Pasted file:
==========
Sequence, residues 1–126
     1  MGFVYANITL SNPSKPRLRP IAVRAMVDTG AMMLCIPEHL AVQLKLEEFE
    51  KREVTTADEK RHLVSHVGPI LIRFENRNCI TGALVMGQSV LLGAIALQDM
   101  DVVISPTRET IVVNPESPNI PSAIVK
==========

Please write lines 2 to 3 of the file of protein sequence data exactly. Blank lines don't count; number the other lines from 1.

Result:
     1  MGFVYANITL SNPSKPRLRP IAVRAMVDTG AMMLCIPEHL AVQLKLEEFE
    51  KREVTTADEK RHLVSHVGPI LIRFENRNCI TGALVMGQSV LLGAIALQDM